In the summer, 20,000 trucks of fruit were moved from the Hereford and Worcester area with Hampshire’s strawberries weighing 3,900 tons took up 3,500 wagon loads and East Anglian strawberries using 700 trucks in all.
Fish was a big user of rail with Grimsby generating 200,000 tons of traffic and 220,000 tons from Hull with Fleetwood bringing another 70,000 tons to the rail network. The Scottish catch was moved south in express fish trains to be delivered direct to London hotels or to Billingsgate. Other express goods trains carried Scottish meat produce to southern markets in refrigerated vans. Meat and fish carried weighed in at 431 million tons a year while fruit and vegetables weighed a total of 46.8 million tons.
Glass lined tank wagons carried 190 million gallons of milk annually between the producing areas to conurbations weighing 187 million tons. It was claimed that the average household paid 4 ½ d in rail transport costs for their weekly food consumption.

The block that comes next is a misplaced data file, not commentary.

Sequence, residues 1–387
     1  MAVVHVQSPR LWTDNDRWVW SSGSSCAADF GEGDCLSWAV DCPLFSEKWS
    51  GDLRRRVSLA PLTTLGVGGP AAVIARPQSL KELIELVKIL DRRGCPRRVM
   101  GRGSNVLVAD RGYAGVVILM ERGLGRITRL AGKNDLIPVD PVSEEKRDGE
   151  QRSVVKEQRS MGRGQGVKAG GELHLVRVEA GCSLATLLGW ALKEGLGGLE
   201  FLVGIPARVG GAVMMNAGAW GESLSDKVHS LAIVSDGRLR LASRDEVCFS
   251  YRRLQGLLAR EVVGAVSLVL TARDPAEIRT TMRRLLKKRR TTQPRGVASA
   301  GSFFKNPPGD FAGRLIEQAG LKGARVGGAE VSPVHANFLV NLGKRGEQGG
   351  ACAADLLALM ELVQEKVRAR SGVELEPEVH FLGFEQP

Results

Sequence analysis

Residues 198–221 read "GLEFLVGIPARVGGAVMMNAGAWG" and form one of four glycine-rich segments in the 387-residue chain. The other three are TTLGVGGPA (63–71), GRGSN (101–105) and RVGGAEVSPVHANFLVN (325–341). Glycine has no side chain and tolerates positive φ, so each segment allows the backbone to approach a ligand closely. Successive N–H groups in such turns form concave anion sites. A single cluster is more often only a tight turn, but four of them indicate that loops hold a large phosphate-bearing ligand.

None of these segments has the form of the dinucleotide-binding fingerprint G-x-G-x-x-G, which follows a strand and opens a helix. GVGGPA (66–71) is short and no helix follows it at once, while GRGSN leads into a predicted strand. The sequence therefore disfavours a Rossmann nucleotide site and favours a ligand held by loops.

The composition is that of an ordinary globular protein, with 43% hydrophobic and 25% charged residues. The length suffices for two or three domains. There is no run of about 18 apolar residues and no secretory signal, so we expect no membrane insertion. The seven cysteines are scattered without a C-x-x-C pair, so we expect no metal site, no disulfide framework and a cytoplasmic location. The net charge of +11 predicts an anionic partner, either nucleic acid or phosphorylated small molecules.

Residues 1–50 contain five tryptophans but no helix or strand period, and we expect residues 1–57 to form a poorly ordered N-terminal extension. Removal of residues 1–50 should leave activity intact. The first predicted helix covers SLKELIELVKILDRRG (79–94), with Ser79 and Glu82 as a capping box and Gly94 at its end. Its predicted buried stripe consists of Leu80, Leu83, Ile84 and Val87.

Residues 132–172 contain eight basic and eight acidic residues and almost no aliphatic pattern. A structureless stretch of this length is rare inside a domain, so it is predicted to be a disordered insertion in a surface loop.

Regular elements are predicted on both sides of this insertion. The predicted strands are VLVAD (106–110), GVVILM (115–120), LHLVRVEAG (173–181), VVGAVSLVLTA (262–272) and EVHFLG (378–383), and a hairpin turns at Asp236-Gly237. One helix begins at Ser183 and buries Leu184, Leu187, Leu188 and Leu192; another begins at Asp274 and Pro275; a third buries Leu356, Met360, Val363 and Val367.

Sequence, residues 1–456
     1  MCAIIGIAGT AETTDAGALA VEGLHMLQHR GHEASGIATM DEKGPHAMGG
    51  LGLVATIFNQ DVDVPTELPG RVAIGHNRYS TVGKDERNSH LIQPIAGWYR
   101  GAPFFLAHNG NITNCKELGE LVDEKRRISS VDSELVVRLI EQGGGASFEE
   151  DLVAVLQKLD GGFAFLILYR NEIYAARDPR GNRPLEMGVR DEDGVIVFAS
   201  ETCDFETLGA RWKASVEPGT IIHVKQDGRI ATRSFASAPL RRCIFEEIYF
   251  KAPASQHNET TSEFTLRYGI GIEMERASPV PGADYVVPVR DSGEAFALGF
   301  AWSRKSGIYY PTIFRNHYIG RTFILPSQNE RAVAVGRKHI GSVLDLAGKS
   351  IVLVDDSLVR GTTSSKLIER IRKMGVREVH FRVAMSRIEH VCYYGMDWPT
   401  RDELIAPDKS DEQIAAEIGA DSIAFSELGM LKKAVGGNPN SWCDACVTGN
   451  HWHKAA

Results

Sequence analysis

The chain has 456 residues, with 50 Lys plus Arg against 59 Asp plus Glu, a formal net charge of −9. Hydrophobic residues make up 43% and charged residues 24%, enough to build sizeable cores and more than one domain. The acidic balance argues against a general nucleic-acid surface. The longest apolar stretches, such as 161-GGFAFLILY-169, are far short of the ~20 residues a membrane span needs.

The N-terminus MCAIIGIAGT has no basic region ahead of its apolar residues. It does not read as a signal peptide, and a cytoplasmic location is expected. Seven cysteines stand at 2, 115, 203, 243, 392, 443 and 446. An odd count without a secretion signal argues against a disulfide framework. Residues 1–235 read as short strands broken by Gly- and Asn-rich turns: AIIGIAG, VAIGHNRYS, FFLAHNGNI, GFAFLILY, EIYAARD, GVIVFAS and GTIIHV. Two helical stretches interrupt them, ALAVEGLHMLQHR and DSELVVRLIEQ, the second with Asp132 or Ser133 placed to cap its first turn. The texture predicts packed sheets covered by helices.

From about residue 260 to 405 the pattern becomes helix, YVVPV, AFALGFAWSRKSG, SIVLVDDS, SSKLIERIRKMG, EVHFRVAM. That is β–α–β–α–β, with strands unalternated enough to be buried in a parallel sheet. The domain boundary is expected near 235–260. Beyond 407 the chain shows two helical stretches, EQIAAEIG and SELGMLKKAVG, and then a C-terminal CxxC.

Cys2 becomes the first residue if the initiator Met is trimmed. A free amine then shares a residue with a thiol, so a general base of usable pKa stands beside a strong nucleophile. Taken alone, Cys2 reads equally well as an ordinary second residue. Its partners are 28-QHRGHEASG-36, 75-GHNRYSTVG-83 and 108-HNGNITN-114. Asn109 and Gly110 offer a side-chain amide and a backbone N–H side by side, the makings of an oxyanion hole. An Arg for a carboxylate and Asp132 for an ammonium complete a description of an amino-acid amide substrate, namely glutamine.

Over 7.5 million meals were taken on trains in 1933 in 600 restaurant cars while more were served at stations and at the 79 railway owned hotels.
The railways operated 6,500 road vehicles and 556 ‘mechanical horses’ which were used in depots and deliveries around town.
The UK’s major docks were under railway ownership with Southampton claimed to be the busiest passenger port with 550,000 passengers annually and the most modern with 7,000 feet of new quayside opening. Grimsby docks covered 37 acres and had just been expanded in 1934. Many of the 76 railway owned docks also boasted dry-dock facilities for ship repairs as well as storage and factory space.
Railway owned ships weighed a total of 77,222 tons made up of a fleet totaling 147 ships which worked around the UK coast to Ireland and Europe. Train ferries operated to Europe as a result of World War 1 military requirements and day trips to European ports were common at this time.
The statistics given show how many people were employed in the various areas of the railways but this is not an all-inclusive list covering all railway staff.
Permanent Way. 52,000
Workshop staff. 96,000